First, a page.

Swear to God

I’ve decided to be lame and stay at home on this Saturday night.  Instead, I’m going to start reading a book I finally got from Amazon.  It is called “Swear to God: The Promise and Power of the Sacraments” by Scott Hahn.  Scott Hahn is a relatively popular American Catholic author, who converted to Catholicism from Presbyterianism (he was actually a Presbyterian minister).  He seems to write very approachable books on various topics of Catholic theology.   According to his website, Hahn is a Professor of Theology and Scripture at Franciscan University of Steubenville, in Ohio.  He is the founder and director of the Saint Paul Center for Biblical Theology, and is the Pope Benedict XVI Chair of Biblical Theology and Liturgical Proclamation at Saint Vincent Seminary in Pennsylvania.  He holds a PhD in Biblical Theology from Marquette University.  So what does all of that resume copy and paste mean?  Well, I hope it means that he knows a lot about the Bible and Catholicism!

“Swear to God” looks into the history, symbols, and ritual of the sacraments of the Catholic Church.  Hahn emphasizes the covenant nature of the sacraments, and that God has always interacted with His people through covenants, from Adam all the way to the Catholic Church.  I find this concept interesting, since in reading Jeff Lindsay (a Mormon apologist)’s website, he emphasized the role of covenants in the LDS Church (such as in the temple ordinances and non-temple ordinances), and that the importance of covenants isn’t found in any modern church except the LDS Church (you can read about that in his Latter-day Saints and the Covenant Framework of the Gospel article).  Not only is this false, but the covenant relationship is important to the very efficacy of the sacraments.  My favorite example is in infant baptism.  Neither the LDS Church nor many Protestant churches practice infant baptism.  Catholics baptize people of all ages.  In the Old Testament times, we see that circumcision was the sign of introduction into the covenant.  There was no choice in this matter, which is what the Mormons and others accuse Catholic and Orthodox Christians (among others) of.  However, as circumcision is the sign of entrance into the OT covenant, so too is baptism the new entrance into the NT covenant.  Of course there are other reasons why we practice infant baptism, but that is one relationship between OT and NT that I see.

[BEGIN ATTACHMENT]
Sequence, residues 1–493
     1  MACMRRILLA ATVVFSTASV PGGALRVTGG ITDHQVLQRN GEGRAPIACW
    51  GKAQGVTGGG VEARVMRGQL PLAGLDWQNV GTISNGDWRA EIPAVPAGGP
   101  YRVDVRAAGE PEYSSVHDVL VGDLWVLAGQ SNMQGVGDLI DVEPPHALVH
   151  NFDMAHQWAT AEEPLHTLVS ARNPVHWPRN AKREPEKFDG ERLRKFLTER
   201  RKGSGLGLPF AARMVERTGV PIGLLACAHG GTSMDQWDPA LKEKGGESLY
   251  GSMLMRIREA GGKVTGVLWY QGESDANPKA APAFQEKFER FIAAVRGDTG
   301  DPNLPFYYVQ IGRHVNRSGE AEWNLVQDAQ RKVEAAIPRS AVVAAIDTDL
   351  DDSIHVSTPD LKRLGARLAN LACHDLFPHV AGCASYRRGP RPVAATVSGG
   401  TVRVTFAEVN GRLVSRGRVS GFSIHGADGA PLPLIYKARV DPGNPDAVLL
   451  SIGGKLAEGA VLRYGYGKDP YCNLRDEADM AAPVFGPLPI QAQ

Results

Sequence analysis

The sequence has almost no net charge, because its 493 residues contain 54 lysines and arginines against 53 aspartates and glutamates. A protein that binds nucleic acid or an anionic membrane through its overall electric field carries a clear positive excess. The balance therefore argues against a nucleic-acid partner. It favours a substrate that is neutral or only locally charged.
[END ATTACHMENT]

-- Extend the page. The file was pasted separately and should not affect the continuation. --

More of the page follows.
I should finish this book within a few days, and I’ll post a review of it, as I will with all theological books and articles that I find worthy of such a review (meaning, I won’t write a review of a 3 paragraph article for example).

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~ by onecatholic on September 6, 2009.

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